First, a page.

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Lumbasi sometimes thinks he is our president or something because his father gives him money whenever he appears after many months. And he thinks he is president because his father drives trucks to Uganda and Congo and Burundi. So he thinks because our fathers don’t ever leave the village, that he is more important than us. He has agreed to play kati with us, only if he is the helper, a position we all want and is only earned through pikipiki pongi. And since we are six and Niki died, the mathematics is not adding up because we are to be in teams of three. Lumbasi has thrown us into a panic and now we have to call Miriam even though her mother has promised to grind us in her posho mill if she sees us lingering around her homestead or going near Miriam. She thinks we stole her guinea fowl, which was not even that sweet and it was not our idea anyway. It was our stomachs and when stomachs demand, they demand.
We are in the field bordering the road that takes you to the dispensary. This is where we love playing when we are not grazing our cows in the meadow. The grass on our soles feels good, like the carpet in Mrs. Nabwire house. The air is too fresh like any mid-morning and the sun is not yet upset with us. Timina has been looking at Lumbasi with bad eyes but Lumbasi is not caring; he is president. Majimbo has gone to peek at Miriam’s home and see if he can convince Miriam to join us because we know her mother is at her posho mill business. We are now lying on the grass, looking at the skies.
If someone tells you to drink urine and they give you a million, will you drink? Wekesa asks us.
I will drink a whole korokoro even just for fifty bob! Sifuna says.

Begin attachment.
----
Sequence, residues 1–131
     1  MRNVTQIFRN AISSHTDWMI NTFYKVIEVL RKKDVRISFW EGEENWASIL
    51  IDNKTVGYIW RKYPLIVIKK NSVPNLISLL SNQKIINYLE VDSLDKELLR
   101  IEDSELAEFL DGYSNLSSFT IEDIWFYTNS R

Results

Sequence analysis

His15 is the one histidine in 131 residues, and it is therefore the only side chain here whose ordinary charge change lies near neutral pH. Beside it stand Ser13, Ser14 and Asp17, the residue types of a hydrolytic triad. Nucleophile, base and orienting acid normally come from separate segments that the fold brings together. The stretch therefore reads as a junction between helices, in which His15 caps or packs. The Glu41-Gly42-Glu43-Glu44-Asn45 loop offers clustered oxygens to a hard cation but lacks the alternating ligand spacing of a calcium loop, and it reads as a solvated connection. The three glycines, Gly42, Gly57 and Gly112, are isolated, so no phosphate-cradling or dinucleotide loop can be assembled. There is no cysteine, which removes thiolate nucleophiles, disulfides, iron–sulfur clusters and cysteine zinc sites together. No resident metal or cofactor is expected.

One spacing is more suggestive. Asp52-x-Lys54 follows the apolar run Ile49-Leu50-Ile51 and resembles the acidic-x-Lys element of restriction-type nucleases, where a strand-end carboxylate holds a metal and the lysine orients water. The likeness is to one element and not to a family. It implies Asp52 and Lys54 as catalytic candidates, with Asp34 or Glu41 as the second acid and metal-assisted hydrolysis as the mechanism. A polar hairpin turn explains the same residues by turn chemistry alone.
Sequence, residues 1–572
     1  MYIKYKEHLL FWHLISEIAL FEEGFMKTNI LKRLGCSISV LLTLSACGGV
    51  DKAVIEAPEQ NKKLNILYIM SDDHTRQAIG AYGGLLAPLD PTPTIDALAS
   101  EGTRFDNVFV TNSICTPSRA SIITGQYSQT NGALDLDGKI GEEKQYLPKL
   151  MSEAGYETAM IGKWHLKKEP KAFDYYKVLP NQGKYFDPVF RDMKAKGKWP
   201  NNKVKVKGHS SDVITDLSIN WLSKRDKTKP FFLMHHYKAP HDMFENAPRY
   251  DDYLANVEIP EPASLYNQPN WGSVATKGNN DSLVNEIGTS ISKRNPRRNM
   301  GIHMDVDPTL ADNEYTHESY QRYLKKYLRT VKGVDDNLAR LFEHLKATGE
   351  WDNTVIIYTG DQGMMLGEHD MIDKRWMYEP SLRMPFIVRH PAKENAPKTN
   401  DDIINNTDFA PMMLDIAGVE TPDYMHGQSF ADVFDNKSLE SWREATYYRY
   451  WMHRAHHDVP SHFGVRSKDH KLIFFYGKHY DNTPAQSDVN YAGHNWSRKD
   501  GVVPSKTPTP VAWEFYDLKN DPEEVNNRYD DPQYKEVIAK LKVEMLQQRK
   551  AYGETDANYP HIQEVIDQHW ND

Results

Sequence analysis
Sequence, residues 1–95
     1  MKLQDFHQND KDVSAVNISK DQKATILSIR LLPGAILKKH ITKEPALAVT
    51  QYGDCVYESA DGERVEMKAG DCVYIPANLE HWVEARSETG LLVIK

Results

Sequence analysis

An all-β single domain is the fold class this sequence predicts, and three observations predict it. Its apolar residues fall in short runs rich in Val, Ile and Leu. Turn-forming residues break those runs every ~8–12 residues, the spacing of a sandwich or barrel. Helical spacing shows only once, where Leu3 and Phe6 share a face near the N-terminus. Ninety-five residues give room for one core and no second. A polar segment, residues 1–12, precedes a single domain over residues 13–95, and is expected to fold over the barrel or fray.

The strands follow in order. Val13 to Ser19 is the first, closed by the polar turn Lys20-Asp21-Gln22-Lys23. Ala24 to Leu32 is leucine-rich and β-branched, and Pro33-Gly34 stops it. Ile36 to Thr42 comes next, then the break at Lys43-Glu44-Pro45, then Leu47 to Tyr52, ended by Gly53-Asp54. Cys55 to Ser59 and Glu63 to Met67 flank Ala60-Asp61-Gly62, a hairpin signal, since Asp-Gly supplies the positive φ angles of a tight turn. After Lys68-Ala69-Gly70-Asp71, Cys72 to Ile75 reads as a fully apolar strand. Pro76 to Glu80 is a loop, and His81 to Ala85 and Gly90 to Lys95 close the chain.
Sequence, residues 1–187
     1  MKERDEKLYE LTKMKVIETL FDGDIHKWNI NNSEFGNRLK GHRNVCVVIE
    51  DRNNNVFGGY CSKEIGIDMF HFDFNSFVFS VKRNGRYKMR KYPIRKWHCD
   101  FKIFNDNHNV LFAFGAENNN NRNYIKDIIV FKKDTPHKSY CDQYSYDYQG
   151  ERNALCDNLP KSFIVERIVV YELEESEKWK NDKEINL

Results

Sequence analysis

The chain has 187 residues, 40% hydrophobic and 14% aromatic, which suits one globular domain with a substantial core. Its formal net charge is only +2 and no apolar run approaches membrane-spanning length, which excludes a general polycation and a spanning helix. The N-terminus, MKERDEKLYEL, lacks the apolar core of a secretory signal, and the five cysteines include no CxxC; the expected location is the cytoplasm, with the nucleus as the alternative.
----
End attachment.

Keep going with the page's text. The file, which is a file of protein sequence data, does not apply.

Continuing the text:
I will drink it too and use the money to buy laced dresses, Timina says. Then I will be a bride.
Now who will agree to have a bride like you? Sifuna says.
My brother. And I will not invite you to my wedding, she says.
Timina thinks she can have a wedding and we don’t attend? Is she stupid or what? Weddings are for everyone. All one has to do is bath and present an empty stomach. And Sifuna has asked a good question. Who can agree to have Timina as his bride when she likes crying over small things? Even she might cry on her wedding day, as if it is a funeral.
I will buy a car and a house and go live with Wizkid, Lumbasi says.
We are laughing at him because Wizkid cannot live with dirty child like him or us. Wizkid is an important person with clean people around him.
Then we see a flight of cranes high up and we start singing okok okok mia koke to the birds so that they can bless us with the crescents at the base of our finger nails or at least just white dots. We are flapping our arms, gesturing at the birds to come. But when Majimbo sprints past us, screaming, we forget the birds and run even faster than him, with Wekesa trailing the pack because of his feet with jiggers that he got after stepping on a grave. Majimbo signals us to stop only when we are at the junction leading to our primary school. His tongue is outside and he spits repeatedly.
She said she is unleashing Simba! Majimbo says of Miriam and Sifuna says, that thin dog? Let it come. I will kick it to its death.
But Wekesa looks behind, we see Sifuna’s fear all over his face and that is the thing with Sifuna. He thinks he is Samson, but he is very thin, even Timina can fight him. He is thin because he swallowed a nylon paper when he was young and his intestines are twisted around the paper, that is why he never gets fat even if he swallowed a cow. We are still panting and I can feel a thin line of sweat passing through my line that separate my buttocks.